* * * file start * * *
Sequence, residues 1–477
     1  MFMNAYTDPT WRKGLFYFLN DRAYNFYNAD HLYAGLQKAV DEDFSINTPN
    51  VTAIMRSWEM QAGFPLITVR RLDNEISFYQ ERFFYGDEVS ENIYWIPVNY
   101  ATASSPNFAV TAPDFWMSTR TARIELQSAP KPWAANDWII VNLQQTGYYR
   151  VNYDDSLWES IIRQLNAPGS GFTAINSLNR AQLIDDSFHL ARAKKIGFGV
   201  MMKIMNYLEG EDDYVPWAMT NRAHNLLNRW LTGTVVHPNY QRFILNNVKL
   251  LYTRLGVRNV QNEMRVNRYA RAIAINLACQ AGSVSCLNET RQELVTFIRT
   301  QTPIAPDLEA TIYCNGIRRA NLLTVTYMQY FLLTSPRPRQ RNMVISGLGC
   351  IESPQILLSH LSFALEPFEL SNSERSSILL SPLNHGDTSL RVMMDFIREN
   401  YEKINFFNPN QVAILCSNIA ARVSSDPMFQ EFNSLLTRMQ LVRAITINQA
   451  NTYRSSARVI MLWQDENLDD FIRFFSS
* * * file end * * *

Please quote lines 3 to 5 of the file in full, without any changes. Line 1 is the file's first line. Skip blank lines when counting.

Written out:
    51  VTAIMRSWEM QAGFPLITVR RLDNEISFYQ ERFFYGDEVS ENIYWIPVNY
   101  ATASSPNFAV TAPDFWMSTR TARIELQSAP KPWAANDWII VNLQQTGYYR
   151  VNYDDSLWES IIRQLNAPGS GFTAINSLNR AQLIDDSFHL ARAKKIGFGV